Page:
See the attached file.
See the attached file.
Explain the major features of a consumer-driven health care plan (CDH).
Consumer-driven health care plan (CDH) is a method to try and curb the costs of
healthcare. Many providers have analyzed those who use CDH and find that the plans save
money for both the employers and employees. Reindl discredits the myth that CDH plans pick
the healthier clients as part of their patient population. Study data show that these plans do
cover a broad range of chronically ill patients along with other types of more healthy adults
CDH is often thought to discourage patients from seeking care. Data from CIGNA
healthcare show that their patient population receives higher than average numbers of physician
visits and preventative treatment (Rendl, 2010). Supporters of CDH feel that having this type of
healthcare market can put patients in better control of their expenditures for medical care in light
of future trends in this system (Munn, 2010). It was also reported that the cost of medical care in
a CDH was projected to be at least a 14% cost savings in certain markets versus traditional plans
(Reindl, 2010). The significant measure for any successful plan is high levels in standards that
reflect evidence-based care. This is the true measure of quality. If the patient perception of a
successful practice and outcome supersedes other experiences then that is where significance lies
in client care.
Discuss three major critics/drawbacks of managed care.
The managed care concept came into existence with the beginning of the Health
Maintenance Organizations (HMOs). According to Rodwin (2010), many writers suggest that
we are now in a post Medicare and Medicaid stage but all the markers of these systems are still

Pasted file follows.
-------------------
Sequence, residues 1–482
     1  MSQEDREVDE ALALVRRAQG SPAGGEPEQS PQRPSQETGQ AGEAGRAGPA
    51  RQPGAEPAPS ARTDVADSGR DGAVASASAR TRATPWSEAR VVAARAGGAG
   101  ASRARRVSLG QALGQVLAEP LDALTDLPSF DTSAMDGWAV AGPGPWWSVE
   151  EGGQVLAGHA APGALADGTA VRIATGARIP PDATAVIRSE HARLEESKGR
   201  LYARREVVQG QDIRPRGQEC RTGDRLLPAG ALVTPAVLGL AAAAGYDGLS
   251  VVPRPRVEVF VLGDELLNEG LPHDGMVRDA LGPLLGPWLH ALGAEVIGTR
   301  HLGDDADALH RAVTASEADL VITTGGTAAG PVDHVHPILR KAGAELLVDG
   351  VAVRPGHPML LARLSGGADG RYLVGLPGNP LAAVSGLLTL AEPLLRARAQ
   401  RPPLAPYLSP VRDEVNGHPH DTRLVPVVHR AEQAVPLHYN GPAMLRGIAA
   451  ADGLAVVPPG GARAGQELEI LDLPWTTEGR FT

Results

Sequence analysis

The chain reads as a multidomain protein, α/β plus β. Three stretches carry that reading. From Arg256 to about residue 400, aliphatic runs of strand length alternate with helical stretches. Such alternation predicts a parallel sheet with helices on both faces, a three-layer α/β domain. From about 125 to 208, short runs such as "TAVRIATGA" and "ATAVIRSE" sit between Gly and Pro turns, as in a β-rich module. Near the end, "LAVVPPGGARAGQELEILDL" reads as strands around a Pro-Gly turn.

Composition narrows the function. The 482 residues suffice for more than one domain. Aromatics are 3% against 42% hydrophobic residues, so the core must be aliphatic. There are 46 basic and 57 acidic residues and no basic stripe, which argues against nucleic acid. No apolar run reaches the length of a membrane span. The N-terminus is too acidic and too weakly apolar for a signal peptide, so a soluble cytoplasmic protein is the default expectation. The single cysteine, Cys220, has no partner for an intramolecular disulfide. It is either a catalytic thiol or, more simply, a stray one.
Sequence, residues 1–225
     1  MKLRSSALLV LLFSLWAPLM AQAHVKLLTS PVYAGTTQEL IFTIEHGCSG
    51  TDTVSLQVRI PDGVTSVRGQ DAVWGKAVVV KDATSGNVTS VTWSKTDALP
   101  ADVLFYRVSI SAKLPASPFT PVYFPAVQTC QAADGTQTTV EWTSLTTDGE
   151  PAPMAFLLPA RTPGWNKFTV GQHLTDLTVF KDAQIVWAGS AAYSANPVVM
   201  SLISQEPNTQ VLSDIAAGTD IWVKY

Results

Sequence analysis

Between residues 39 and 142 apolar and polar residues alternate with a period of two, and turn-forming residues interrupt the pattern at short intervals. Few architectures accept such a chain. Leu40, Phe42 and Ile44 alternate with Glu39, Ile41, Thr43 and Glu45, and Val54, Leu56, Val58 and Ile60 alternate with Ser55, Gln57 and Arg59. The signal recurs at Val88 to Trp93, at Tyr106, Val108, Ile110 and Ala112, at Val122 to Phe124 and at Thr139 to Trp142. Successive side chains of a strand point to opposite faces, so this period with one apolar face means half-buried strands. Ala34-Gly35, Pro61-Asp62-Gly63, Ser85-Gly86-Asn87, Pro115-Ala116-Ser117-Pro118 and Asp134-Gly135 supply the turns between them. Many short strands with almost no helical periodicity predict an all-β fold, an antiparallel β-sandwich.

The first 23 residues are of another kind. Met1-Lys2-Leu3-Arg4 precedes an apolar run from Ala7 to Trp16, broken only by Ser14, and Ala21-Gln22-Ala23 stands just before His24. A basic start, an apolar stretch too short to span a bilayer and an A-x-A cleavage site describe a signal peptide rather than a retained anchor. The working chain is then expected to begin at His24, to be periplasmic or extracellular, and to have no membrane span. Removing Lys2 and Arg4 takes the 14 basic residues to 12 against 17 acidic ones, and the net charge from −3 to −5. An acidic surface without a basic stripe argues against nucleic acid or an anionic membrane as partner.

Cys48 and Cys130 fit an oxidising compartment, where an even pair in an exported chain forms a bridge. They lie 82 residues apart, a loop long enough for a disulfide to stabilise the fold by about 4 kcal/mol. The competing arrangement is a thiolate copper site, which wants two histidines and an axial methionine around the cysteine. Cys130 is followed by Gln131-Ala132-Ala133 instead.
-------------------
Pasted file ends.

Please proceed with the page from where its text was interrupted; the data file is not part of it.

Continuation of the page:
in place. The central themes of this are the challenges of physician entrepreneurship and
the ability for patients to voice their care. Before managed care, a patient had the ability
to move from one physician or healthcare system to another if they did not feel they were treated
to their satisfaction. Now, it is not that simple. The patient must work within their own HMO or
pay extra fees for using a physician or hospital out of their system. The patient can change
systems but if they work for a particular company that has a contract with an HMO, they have no
choice but to pay (Rodwin, 2010).
“In 1970 there were 3 million HMO enrollees, and by 1976, only
6 million in federally qualified HMOs. Then, Congress dropped the
requirement that HMOs have open enrollment and community rating
and reduced requirements for services they must cover. Still, by 1980,
there were only 9.1 million enrollees. But by 1990, HMOs covered
33.6 million individuals and by 2000 over 80 million (Rodwin, 2010)”.
Up until the early 1970s, a patient could still visit a physician for fee for service. After
the Medicare bill was enacted in 1965, this is when the dynamics of medicine as we know it
began to change. This was still a time when professional ethics deterred a physician or
healthcare system from advertising their systems. It was still a time of passive physician patient
relationships when patients were not encouraged to as questions and accept the physicians care
As it became more difficult to control the costs of medical treatments and consistencies
of prices from one to another, the insurance companies emerged with a price per illness or
capitation. Blue Cross and Blue Shield were one of the first insurance companies to try this
program. Obviously, this was not met with a lot of enthusiasm and went through many stages
to the point it is today (Rodwin, 2010). Most people who pay for insurance even within a
company or package plan are paying more or they are getting less for their dollar. This does not
sustain the idea that a managed care system is saving money for the consumer (Geyman, 2012).
There are several types of plans that can be used. Some are restrictive and others more
flexible. An HMO will usually pay for your care that is rendered within the network. You …
The solution discusses managed care finances, drawbacks and features.